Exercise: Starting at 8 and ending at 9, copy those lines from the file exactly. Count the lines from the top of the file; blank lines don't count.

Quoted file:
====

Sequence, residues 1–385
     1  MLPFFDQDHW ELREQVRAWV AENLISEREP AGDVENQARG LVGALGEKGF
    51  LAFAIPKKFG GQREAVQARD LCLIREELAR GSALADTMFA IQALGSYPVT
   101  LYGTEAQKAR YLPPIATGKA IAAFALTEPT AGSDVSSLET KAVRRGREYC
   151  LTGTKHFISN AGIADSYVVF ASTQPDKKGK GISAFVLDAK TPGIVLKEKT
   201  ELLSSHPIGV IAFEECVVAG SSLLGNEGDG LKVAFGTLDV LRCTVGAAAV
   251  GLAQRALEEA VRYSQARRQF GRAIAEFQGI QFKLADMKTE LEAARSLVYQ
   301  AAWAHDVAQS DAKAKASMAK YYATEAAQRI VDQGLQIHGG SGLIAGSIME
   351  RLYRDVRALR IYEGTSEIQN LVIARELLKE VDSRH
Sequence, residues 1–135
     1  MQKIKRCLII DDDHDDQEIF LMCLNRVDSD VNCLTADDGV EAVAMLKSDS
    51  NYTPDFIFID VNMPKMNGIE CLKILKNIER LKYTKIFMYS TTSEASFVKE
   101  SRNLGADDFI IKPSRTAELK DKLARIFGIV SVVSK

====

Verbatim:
   301  AAWAHDVAQS DAKAKASMAK YYATEAAQRI VDQGLQIHGG SGLIAGSIME
   351  RLYRDVRALR IYEGTSEIQN LVIARELLKE VDSRH